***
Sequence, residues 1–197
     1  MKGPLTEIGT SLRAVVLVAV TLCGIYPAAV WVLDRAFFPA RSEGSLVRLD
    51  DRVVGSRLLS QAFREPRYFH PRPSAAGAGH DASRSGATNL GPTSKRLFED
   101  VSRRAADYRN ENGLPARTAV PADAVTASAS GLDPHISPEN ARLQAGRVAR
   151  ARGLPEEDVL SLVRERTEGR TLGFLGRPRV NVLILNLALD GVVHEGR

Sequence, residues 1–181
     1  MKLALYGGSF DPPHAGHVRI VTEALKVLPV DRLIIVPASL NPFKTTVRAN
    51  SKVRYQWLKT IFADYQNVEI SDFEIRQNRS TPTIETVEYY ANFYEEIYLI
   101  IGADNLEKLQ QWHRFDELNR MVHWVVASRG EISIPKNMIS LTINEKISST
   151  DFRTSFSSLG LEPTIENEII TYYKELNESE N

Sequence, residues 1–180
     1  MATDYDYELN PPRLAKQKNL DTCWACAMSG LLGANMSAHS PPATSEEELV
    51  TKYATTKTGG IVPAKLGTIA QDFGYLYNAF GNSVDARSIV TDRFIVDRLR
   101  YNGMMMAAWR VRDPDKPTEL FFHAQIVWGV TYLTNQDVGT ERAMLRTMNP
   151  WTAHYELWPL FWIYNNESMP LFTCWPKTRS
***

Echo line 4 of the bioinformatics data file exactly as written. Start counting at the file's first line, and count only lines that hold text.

   101  VSRRAADYRN ENGLPARTAV PADAVTASAS GLDPHISPEN ARLQAGRVAR